Lodge Renewal - Part Two
By Wor. Brother Frederic L.
In Lodge Renewal - Part One
we saw how Craft
Lodge performance and membership deteriorated after 1960.
We also took a brief look at the Grand Lodge response (when they woke up) of
increased mandates, centralized control, relaxed standards, Institutional
charity and One Day Classes which differed drastically from the response of
individual Masons, that being the formation of TO Lodges.
One of the
reasons that Masons themselves resorted to starting new TO Lodges is that they
could get none of their reforms approved by a majority vote of the Lodges they
belonged to. Senior citizens on fixed incomes comprised the bulk of Lodge
membership and they refused to vote for anything that cost money or change
anything from the way it was always done.
They possessed this power as we have seen because Mainstream Masonry skipped a
generation resulting in a disproportionate number of elderly Masons.
new TO Lodge is not as easy as it sounds. First of all many jurisdictions
prohibit them as being an illegal altering of Freemasonry –
“You agree to make no
changes in the body of Freemasonry.” Even when approved some provisions
a TO Lodge might want to adopt would violate Grand Lodge By-Laws, such as
meeting less than once per month. Then there is the sheer volume of work
involved, petitioning Grand Lodge, drawing up By-Laws, finding a place to meet
So if much of what the reformers and the young
enthusiasts hope to accomplish could be implemented within current Lodge
structure and if it was not only sanctioned by the Grand Lodge but was
enthusiastically encouraged by the Grand Master, would that not be a viable
alternative? Such a program exists now.
It is called the “Lodge of the Year”
program and exists in many jurisdictions under many different names. Let’s
take a look at the Grand Lodge of Iowa’s program.
Edgar of Mosaic #125 AF&AM @ Dubuque, IA, Grand Lodge of Iowa has supplied The
Beehive with the following information.
The Iowa Grand Lodge “Lodge of the Year” program can be a truly rewarding
program for those Lodges that compete. As one can see from the application
form, a successful lodge must not only engage its Master & Wardens but many
other members as well if it hopes to achieve the variety of goals set out.
Not only do the Officers need to fulfill their duties, but they truly must
put the Craft to work, engage the public, be charitable and in general use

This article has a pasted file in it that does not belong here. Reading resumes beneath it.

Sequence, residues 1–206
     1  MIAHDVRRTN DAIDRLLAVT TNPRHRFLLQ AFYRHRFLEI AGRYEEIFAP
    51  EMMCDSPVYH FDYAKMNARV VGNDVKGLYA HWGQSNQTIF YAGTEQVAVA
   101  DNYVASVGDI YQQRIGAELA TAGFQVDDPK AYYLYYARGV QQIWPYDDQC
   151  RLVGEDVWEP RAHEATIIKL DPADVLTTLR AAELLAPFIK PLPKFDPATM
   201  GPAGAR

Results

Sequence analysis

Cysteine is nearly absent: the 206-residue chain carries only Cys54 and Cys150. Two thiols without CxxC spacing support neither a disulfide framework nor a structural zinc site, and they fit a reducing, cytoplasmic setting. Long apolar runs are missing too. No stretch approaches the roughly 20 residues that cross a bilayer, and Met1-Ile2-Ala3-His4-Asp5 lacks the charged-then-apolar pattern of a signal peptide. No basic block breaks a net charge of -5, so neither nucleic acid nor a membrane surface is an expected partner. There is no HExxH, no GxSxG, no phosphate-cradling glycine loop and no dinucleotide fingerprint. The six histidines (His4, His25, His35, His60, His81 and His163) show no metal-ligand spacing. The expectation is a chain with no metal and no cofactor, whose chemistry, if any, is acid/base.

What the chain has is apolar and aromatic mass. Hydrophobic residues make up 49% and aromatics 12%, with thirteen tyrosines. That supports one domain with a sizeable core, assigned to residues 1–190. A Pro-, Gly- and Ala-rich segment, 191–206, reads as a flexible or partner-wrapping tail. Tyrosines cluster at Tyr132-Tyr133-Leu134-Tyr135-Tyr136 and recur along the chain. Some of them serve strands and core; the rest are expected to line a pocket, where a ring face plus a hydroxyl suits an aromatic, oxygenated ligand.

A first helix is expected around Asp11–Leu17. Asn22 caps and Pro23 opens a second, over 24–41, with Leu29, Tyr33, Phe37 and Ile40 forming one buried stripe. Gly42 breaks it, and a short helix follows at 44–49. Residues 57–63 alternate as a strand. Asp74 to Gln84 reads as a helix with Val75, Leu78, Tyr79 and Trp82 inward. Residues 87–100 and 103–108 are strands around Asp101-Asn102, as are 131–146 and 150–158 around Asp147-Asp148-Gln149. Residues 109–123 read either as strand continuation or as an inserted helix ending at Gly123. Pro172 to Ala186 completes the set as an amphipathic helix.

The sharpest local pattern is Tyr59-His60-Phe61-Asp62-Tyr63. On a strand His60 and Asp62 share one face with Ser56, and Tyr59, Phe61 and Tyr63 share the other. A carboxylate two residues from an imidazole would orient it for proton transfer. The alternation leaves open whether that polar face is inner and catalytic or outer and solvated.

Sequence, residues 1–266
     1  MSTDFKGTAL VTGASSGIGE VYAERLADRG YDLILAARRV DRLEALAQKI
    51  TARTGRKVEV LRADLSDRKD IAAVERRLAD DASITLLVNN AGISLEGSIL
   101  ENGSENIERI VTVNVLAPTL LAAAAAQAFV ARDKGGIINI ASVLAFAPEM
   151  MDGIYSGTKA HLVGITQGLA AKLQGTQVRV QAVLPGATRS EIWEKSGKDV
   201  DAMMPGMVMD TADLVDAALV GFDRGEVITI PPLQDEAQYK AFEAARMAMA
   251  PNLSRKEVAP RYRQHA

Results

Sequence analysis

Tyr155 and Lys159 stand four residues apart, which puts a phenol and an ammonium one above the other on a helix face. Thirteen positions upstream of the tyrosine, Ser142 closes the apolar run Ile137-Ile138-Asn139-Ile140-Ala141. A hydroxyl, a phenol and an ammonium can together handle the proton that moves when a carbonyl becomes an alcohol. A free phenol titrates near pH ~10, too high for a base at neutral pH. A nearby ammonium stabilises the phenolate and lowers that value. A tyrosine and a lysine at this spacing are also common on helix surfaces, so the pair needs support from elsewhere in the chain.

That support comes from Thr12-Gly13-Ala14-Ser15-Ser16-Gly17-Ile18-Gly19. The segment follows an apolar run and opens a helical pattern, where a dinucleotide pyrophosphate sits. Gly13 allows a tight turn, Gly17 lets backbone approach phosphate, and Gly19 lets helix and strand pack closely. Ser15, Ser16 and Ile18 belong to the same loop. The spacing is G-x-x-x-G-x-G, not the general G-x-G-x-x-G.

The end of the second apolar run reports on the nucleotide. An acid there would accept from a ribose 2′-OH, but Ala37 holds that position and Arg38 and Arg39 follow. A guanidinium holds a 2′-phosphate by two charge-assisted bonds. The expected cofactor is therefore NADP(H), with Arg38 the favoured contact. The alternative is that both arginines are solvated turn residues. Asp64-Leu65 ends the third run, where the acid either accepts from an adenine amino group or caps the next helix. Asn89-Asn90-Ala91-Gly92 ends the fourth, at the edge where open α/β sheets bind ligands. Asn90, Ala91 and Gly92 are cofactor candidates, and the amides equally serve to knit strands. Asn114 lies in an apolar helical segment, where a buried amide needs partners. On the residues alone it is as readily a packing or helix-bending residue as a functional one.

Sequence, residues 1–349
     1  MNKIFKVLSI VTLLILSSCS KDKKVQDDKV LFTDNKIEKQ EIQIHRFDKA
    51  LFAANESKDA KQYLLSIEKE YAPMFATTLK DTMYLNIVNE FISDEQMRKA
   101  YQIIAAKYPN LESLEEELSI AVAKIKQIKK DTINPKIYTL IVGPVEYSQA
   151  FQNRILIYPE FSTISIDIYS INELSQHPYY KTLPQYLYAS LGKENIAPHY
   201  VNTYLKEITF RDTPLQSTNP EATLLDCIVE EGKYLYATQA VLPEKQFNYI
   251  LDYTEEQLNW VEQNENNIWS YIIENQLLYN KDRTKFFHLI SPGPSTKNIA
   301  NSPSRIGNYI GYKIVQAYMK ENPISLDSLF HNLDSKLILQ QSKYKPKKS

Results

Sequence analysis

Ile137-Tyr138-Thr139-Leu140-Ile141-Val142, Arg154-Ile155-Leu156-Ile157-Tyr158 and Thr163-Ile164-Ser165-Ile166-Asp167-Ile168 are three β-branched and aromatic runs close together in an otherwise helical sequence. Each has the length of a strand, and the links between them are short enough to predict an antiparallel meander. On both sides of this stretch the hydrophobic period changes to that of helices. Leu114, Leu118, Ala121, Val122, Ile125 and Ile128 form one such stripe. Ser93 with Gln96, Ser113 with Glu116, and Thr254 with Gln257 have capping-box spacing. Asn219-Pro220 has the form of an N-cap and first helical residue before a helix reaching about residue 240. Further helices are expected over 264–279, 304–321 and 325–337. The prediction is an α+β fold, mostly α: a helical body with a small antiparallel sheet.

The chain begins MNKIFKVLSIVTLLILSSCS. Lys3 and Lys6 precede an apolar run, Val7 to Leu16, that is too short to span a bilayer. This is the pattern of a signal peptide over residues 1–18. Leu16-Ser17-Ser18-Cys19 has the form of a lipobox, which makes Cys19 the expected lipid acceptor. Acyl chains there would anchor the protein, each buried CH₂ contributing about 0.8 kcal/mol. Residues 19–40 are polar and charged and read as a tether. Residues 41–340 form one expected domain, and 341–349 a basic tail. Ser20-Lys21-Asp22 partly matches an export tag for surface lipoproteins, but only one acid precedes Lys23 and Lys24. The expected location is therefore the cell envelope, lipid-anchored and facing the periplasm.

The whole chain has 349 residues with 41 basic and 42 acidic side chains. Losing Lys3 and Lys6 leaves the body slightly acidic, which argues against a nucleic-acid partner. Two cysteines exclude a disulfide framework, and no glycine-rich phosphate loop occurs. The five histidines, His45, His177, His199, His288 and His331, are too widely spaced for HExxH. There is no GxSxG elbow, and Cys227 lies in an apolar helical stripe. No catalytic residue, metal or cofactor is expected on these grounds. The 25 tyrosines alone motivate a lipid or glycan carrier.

as many “tools” as possible to be a successful lodge. A hallmark of the
competition is the planning beginning with the WM’s vision for his term
followed by the planning of individuals and committees to identify goals,
the means to achieve them and implementation.
of the success of the competition is that those Lodges that compete have
fewer SNPD’s & demits and more Raisings. One might conjecture that ‘good’
lodges would be successful regardless but the competition provides a
measuring tool and a roadmap. Ideally as soon as a Brother is elected to
his lodge’s ‘line’ he can begin planning what events he will promote, what
he needs to prioritize, whom he can influence to chair an event, etc.
We are all
competitive to some degree – such lodge competitions, if done fairly, can
satisfy our competitive nature while making our lodges true “working”
lodges. Members enjoy being part of a vital, lively organization and the
lodge prospers. Creativity results as well. One competition requirement
is holding a recognition of some persons or groups within the community
apart from Masonry. At Bethel Lodge a PM came up with the idea of
recognizing community volunteers such as Scout & 4H leaders with a dinner.
Yes, these folks may be recognized within their own group but to be
applauded in public makes them especially proud. (and the Lodge got nice
coverage in the local newspaper – just remember to prepare press releases
and always have a camera ready!)
Even if your Grand Lodge does not have such competition, the checklist
will prove to a valuable tool in revitalizing your Lodge both within the
Lodge Room as well as within your community.
I would tweak
the Iowa Program with these additions.
should be added to the list of actions required the formation of a Lodge
esoteric study group.
- Then there
should be some sort of financial reward for the top three vote getters.
Granted hundreds of Lodges can win the award but the top 3 should get
something special. Most Grand Lodges today are financially well off enough
to give the First place winner $50,000, Second place $25,000 and Third place
The author is
indebted to Brother Gerald Edgar of Iowa for supplying the information that
made this article possible.